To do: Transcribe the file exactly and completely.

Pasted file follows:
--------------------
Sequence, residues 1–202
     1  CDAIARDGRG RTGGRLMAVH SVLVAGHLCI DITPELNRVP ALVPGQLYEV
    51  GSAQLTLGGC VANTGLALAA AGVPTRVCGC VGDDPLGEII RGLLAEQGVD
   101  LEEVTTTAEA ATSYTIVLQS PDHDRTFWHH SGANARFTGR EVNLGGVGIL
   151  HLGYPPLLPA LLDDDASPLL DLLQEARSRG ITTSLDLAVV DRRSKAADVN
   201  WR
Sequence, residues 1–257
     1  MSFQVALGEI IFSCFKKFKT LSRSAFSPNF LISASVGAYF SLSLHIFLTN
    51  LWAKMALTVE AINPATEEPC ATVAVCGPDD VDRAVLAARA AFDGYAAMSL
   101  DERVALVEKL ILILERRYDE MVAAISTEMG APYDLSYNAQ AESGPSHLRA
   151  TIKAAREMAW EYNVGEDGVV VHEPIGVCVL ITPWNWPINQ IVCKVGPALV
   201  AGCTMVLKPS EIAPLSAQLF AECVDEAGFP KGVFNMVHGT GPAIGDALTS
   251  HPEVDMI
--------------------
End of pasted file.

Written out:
Sequence, residues 1–202
     1  CDAIARDGRG RTGGRLMAVH SVLVAGHLCI DITPELNRVP ALVPGQLYEV
    51  GSAQLTLGGC VANTGLALAA AGVPTRVCGC VGDDPLGEII RGLLAEQGVD
   101  LEEVTTTAEA ATSYTIVLQS PDHDRTFWHH SGANARFTGR EVNLGGVGIL
   151  HLGYPPLLPA LLDDDASPLL DLLQEARSRG ITTSLDLAVV DRRSKAADVN
   201  WR
Sequence, residues 1–257
     1  MSFQVALGEI IFSCFKKFKT LSRSAFSPNF LISASVGAYF SLSLHIFLTN
    51  LWAKMALTVE AINPATEEPC ATVAVCGPDD VDRAVLAARA AFDGYAAMSL
   101  DERVALVEKL ILILERRYDE MVAAISTEMG APYDLSYNAQ AESGPSHLRA
   151  TIKAAREMAW EYNVGEDGVV VHEPIGVCVL ITPWNWPINQ IVCKVGPALV
   201  AGCTMVLKPS EIAPLSAQLF AECVDEAGFP KGVFNMVHGT GPAIGDALTS
   251  HPEVDMI